P&O Ferries | Intro For Destinations | Mont Saint-Michel

Mont Saint-Michel

Mont Saint-Michel

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Long considered one of France’s great landmarks, Mont Saint-Michel is an almost unique mix between man and nature. For more than two millennia the site has drawn military leaders, spiritualists and pilgrims. Today it is one of France’s most popular tourist destinations.

Mont Saint-Michel is a tight cluster of rock, stranded in a bay off the western Normandy coast, crowned with an extraordinary Gothic monastery. To the French the site is La Merveille (the marvel) due to its awe-inspiring qualities of romantic architecture and its geographical positioning.

Unpredictable weather systems characterise the area around the island. The bay often fills with thick fog, which can race across the sands at speeds of 63 metres per minute and the waves and tides of the ocean are strong and erratic. Victor Hugo wrote that they moved ‘as swiftly as a galloping horse.’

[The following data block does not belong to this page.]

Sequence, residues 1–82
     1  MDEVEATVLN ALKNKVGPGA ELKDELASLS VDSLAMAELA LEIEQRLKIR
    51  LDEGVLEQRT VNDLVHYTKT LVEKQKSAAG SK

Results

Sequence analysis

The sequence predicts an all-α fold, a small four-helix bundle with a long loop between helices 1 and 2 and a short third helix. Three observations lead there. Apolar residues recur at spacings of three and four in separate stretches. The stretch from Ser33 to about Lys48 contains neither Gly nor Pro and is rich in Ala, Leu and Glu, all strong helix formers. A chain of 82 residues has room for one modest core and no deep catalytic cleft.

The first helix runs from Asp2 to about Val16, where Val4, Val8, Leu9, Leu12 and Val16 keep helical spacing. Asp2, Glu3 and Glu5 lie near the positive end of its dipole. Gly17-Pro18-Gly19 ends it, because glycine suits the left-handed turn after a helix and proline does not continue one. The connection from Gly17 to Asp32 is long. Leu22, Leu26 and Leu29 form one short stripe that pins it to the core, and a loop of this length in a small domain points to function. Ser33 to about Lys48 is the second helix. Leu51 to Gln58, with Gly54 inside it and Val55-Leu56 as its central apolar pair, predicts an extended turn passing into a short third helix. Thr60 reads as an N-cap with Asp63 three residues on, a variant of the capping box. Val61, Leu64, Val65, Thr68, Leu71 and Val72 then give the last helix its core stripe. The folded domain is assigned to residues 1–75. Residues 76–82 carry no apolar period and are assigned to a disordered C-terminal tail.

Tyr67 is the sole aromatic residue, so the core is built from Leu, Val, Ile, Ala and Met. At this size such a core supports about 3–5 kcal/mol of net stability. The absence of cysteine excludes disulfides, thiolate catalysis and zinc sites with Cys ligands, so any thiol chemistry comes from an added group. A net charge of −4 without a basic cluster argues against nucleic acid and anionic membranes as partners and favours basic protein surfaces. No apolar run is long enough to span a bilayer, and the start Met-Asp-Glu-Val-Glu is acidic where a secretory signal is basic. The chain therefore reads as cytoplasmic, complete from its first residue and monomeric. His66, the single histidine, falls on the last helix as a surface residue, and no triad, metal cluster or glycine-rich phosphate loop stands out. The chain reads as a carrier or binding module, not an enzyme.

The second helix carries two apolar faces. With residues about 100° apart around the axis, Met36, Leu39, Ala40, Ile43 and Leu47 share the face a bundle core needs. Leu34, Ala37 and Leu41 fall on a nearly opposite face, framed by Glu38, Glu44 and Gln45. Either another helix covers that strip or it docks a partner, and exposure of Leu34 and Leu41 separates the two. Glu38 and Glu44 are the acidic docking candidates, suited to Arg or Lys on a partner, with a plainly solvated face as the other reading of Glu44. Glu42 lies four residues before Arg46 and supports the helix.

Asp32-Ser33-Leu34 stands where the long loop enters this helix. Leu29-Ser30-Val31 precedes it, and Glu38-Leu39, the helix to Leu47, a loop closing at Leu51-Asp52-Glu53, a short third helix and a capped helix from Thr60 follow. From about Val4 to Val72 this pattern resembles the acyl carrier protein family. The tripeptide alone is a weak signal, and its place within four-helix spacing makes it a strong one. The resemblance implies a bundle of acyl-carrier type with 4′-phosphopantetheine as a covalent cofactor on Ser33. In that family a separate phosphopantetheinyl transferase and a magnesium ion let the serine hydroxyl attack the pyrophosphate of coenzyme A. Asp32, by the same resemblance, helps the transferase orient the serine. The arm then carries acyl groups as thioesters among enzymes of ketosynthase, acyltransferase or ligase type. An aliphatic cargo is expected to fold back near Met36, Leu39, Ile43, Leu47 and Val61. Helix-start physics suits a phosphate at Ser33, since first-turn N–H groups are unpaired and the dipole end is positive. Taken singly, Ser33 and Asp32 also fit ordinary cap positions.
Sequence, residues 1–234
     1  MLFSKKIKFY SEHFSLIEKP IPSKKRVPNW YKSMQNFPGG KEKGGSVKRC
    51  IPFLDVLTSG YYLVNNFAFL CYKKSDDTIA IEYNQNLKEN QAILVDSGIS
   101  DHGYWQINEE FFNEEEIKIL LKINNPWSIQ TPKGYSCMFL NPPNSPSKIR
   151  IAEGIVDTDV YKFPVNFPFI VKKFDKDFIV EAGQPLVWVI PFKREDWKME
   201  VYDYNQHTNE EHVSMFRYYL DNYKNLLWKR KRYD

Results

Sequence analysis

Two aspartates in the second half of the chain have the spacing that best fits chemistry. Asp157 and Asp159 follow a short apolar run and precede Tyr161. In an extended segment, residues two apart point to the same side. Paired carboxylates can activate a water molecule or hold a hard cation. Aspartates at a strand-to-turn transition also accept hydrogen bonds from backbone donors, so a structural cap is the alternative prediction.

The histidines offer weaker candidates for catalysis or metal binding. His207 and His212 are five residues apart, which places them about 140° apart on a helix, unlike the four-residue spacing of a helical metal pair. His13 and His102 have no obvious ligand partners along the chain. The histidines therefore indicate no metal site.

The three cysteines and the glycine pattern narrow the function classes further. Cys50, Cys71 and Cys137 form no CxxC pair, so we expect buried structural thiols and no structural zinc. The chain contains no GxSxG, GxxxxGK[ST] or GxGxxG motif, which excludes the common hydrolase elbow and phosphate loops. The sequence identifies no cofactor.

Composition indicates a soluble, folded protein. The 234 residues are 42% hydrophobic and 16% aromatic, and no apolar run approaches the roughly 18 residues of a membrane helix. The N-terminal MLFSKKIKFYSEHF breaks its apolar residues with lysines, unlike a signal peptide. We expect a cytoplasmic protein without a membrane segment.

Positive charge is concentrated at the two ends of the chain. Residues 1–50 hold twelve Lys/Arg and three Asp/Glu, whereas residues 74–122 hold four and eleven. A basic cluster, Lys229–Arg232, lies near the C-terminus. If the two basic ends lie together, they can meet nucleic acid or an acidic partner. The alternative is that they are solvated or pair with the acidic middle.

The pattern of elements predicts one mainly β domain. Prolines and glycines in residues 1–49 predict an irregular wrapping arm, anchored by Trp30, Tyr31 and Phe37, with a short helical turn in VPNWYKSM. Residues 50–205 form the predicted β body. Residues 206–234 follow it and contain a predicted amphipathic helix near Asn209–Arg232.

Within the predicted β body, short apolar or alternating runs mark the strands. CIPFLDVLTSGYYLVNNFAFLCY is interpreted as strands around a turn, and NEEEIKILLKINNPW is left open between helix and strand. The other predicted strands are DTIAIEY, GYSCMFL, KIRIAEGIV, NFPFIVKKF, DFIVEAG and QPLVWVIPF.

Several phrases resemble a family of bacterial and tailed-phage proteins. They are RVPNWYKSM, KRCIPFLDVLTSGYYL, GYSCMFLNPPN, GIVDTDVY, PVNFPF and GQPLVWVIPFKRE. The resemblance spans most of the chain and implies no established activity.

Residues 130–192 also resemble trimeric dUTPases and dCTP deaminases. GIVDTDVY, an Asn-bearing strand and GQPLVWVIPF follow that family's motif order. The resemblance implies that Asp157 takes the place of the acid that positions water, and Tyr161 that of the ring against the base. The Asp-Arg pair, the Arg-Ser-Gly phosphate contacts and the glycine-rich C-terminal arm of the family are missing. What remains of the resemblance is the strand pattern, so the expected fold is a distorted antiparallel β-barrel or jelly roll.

These facts add a degree of mystery to the island. The Celts believed that it was the site of a sea tomb – where bodies lay before their transportation to the afterlife. Today spiritualists are similarly transfixed and are attracted to Mont Saint-Michel to experience the wispish energy of the site which lies upon Saint Michael Line.

It is an island almost unparalleled, awash with myth and history and now recognised as a World Heritage Site – testament to Guy de Maupassant’s affirmation that it is ‘the most wonderful Gothic dwelling ever made for God on this earth.’


Fact File:

  FactThe monastery at Mont Saint-Michel lent their support to William of Normandy’s invasion of England in 1066. Following the defeat of Harold they were rewarded with lands in England, including Saint Michael’s Mount – an island shaped in the image of Mont Saint-Michel in Cornwall.